In patients with chemotherapy-induced anemia (CIA), treatment with intravenous (IV) iron resulted in a decreased need for red blood cell (RBC) transfusions with no difference in adverse events (AEs) compared to oral iron or no iron, according to a study published in the Journal of Clinical Medicine.
“IV iron for the treatment of CIA should be considered in clinical practice,” according to the researchers, led by Shira Buchrits, MD, of Beilinson Hospital in Israel.
Dr. Buchrits and colleagues noted the clinical guidelines on the use of IV iron in patients with cancer undergoing chemotherapy are inconsistent. They completed a meta-analysis of randomized, controlled trials that compared IV iron with either no iron or oral iron for the treatment of CIA to assess the effect of IV iron as a monotherapy. Trials were excluded if erythropoiesis-stimulating agents were used.
Eight randomized, controlled trials published between January 1990 and July 2021 were included. Of 1,015 patients, 553 had received IV iron, 271 had taken oral iron, and 191 had not received iron. The primary outcome was the percentage of patients requiring an RBC transfusion. Secondary outcomes included hematopoietic response (i.e., an increase in hemoglobin [Hb] level by more than 1 g/dL or an increase above 11 g/dL); an absolute Hb concentration or a change from the baseline in the Hb concentration at the end of the trial; the absolute ferritin level and transferrin saturation (TSAT) level at the end of the trial; and AEs. Most trials included patients with solid tumors.
Results showed that IV administration of iron for CIA reduced the risk of an RBC transfusion by 28% (95% CI 0.55-0.95; I2=23%).
For the secondary endpoints, IV iron increased the chance of a hematopoietic response (risk ratio [RR] = 1.23, 95% CI 1.01-1.5; I2=0%) and the absolute Hb level or the change from the baseline in Hb at the end of the study (mean difference [MD] = 0.23, 95% CI 0.01-0.44). IV iron was associated with an increase in the ferritin level (MD=260.65, 95% CI 105.79-415.51) but not the TSAT level (MD = -0.4, 95% CI -5.96-5.17). There was no difference in the risk of AEs (RR=0.97, 95% CI 0.88-1.07) or severe AEs (RR=1.09, 95% CI 0.76-1.57).
The authors noted that the main finding of a decrease in the need for RBC transfusions is in accordance with current guidelines that recommend a restrictive transfusion strategy, which can minimize various risks and may potentially reduce hospital visits. Further, they suggested the increase in hematopoietic response is relevant, as anemia may be a negative prognostic factor in cancer.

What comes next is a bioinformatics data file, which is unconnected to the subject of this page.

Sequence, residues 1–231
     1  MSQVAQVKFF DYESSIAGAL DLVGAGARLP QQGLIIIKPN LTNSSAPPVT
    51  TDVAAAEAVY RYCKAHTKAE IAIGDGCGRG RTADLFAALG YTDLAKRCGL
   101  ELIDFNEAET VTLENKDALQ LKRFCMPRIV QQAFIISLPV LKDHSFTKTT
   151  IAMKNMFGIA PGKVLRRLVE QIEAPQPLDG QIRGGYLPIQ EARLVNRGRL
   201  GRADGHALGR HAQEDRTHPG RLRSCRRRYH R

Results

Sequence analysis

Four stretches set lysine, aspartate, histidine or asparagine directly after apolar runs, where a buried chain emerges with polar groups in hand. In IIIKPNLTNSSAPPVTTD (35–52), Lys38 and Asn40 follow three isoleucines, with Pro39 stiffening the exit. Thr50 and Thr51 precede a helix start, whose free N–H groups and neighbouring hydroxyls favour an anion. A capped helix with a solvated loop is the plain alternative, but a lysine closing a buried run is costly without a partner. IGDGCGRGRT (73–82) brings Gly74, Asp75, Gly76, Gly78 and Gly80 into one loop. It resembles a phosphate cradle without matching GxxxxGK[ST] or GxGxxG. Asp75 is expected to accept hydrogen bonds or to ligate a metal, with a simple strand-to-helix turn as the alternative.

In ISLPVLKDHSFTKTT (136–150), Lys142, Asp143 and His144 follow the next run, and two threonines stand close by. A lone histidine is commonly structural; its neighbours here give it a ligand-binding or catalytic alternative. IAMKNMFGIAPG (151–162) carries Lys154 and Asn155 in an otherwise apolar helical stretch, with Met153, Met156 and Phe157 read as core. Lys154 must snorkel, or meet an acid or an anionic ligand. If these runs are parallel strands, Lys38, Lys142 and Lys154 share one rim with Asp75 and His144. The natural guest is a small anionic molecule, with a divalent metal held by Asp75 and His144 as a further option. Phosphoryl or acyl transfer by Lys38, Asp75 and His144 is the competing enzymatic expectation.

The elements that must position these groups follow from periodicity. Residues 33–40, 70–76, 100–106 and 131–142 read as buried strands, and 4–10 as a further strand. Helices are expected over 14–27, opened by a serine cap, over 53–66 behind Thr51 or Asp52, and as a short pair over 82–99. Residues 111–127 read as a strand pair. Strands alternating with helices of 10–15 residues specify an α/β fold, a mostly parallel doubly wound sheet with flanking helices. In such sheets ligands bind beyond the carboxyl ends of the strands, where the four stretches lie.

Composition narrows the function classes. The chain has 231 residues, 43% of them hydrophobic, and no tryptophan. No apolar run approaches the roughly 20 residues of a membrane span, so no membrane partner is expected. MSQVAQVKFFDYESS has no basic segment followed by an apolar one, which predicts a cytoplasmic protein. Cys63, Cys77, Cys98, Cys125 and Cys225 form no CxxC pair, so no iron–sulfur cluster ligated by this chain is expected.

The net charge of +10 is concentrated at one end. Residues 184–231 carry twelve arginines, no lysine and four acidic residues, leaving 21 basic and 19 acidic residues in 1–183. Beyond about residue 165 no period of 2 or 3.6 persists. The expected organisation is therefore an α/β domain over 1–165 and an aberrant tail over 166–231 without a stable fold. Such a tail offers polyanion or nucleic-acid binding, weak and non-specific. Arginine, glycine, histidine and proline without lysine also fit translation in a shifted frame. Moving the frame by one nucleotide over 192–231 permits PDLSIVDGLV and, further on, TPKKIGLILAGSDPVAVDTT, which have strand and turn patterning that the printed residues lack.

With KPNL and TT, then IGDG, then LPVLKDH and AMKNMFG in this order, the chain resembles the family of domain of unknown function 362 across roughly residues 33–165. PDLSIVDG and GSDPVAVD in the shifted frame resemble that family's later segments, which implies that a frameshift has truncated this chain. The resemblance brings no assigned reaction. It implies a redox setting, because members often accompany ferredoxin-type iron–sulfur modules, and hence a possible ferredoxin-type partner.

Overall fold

Limitations of the research included that the eight trials were varied with respect to the types of malignant tumors, chemotherapy regimens, and iron supplement preparations and schedules. There was also a lack of data needed to conduct subgroup analyses according to different baseline hematologic parameters, malignancies, or the total administered iron dose. Further, no long-term follow-up data, beyond 24 weeks, were available regarding efficacy, mortality, and safety, and no data were collected on the effect of IV iron on cancer-related outcomes or the cost-effectiveness of IV iron.
“Our meta-analysis supports the use of iron intravenously administered for the treatment of CIA,” the authors concluded, adding that the results mainly apply to patients with functional iron deficiency, defined as a defect in supplying iron to the erythroid marrow despite sufficient iron stores. They noted further research will help define the optimal IV iron formulation, dose, and schedule and identify the malignancy types that may benefit from IV iron.
Any conflicts of interest declared by the authors can be found in the original article.
Buchrits S, Itzhaki O, Avni T, Raanani P, Gafter-Gvili A. Intravenous iron supplementation for the treatment of chemotherapy-induced anemia: a systematic review and meta-analysis of randomized controlled trials. J Clin Med. 2022;11(14):4156.